“Like Eric Burden?” asked Androj hopefully.
I set off on the journey to the bedroom. Again the route was in pitch darkness and this time I’d left my matches behind. Swearing and fumbling at each lock, I finally collected the tape.
By the time I returned to the bar, it had been inundated by about thirty German and Polish teenagers demanding drinks from Androj. Having served them, he played the tape.
It was a truly odd experience. Sitting, partially pissed, in the middle of a horde of Mittel European girls, listening to Noel Coward singing ‘London Pride’. ‘Every blitz your resistance toughening/ From the Ritz to the Anchor and Crown’, etc. The fifteen-year-olds nodded along under the impression that it was a new number by George Michael. I tried and failed to keep a straight face.
By 2am, I ordered yet another drink.
Androj: “We have finished off all the alcohol. Would you like a lemonade?”
I trekked off to the bedroom and slept at 3am.
March 1993: Thursday
One of the most pleasant Czech social habits is the institution of ‘Name Days’ – I had never heard of them before. Every day of the year is dedicated to a different name. On the specified day, people give presents or perform acts of kindness for anyone they know of that name. However, as the 365 name allocations must have run out about one hundred years ago, it must be a bit of a problem if you are called Elvis?
At 6 30pm I returned to the Na Zabradli for the third time that day. ‘Yes, Mr Marek is in touch but he is Vienna tonight.’ ‘No, he has not left a message.’ I stumped off into the darkness.
By this time, the cold was beginning to seep into my marrow. Craving alcohol simply to keep warm, I returned to the Little Bears beer hall on Na Perstyne, the scene of my first evening in Prague. I ate goulash and dumpling and drank beer, while reading the emaciated version of the Euro-Guardian newspaper. An ultra English gent.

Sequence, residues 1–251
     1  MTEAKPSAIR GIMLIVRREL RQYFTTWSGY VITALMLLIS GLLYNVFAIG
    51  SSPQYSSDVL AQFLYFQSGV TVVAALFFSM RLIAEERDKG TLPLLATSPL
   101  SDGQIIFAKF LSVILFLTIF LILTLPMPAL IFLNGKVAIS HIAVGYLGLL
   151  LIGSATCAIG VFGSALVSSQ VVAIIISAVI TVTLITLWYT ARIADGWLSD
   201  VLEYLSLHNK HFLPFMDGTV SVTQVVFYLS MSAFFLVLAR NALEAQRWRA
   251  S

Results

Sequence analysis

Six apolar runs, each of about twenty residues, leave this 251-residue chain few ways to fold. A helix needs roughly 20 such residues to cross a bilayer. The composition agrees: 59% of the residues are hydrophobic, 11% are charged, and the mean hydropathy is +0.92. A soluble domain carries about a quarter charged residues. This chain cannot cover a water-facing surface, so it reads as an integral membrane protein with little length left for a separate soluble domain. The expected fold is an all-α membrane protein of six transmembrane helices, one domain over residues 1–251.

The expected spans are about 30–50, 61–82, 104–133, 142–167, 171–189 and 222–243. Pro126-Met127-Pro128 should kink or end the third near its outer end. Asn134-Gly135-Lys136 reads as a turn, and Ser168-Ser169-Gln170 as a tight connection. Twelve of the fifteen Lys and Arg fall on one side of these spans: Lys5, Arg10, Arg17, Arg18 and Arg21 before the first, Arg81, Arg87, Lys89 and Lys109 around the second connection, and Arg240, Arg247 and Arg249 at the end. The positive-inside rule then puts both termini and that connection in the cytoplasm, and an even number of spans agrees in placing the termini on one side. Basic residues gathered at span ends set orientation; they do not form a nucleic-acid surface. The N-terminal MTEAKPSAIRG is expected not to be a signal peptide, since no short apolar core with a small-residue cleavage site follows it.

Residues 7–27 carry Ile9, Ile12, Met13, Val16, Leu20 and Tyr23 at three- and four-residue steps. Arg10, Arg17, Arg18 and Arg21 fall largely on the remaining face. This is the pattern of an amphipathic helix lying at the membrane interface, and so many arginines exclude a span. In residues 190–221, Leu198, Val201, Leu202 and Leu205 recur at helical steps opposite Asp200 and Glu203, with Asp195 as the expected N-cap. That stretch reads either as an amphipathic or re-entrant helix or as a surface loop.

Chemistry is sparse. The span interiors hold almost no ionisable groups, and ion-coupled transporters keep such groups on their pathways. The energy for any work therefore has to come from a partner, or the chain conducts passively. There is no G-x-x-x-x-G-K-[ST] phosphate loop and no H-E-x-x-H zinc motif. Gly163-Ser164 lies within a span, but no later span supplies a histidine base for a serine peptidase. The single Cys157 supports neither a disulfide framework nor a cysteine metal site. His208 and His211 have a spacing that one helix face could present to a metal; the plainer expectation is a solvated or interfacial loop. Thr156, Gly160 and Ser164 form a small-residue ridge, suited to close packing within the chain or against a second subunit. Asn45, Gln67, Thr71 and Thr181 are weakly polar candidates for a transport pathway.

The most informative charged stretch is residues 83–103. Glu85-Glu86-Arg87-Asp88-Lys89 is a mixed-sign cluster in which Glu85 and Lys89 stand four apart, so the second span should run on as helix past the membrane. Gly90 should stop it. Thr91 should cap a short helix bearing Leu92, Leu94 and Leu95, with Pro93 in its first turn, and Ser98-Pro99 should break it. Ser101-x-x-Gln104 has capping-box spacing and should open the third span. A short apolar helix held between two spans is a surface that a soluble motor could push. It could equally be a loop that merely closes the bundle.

After half an hour a man sat on the other side of the long table. He was about thirty, with tattooed knuckles – presumably LOVE/HATE in Czech – and evasive, swivel eyes, usually the sign of heavy drugs. Then a girl of about twenty joined him: short red hair, leather jacket, animated and pretty in a biker’s moll way. They talked in Czech. Then she gave me a bright smile.
We clinked beer mugs, then she pointed to herself.
She pointed to the man.
There followed some dire attempts to converse in my (non-existent) German. All I could remember was from the war comics of my youth – ‘Donner and Blitzen’ and ‘Die, Englischer Schwine’. Neither of which seemed to be particularly appropriate. Ellen moved round to sit next to me. It crossed my mind that she was on the game and that Albrecht was her pimp.
She gestured at my cigarette.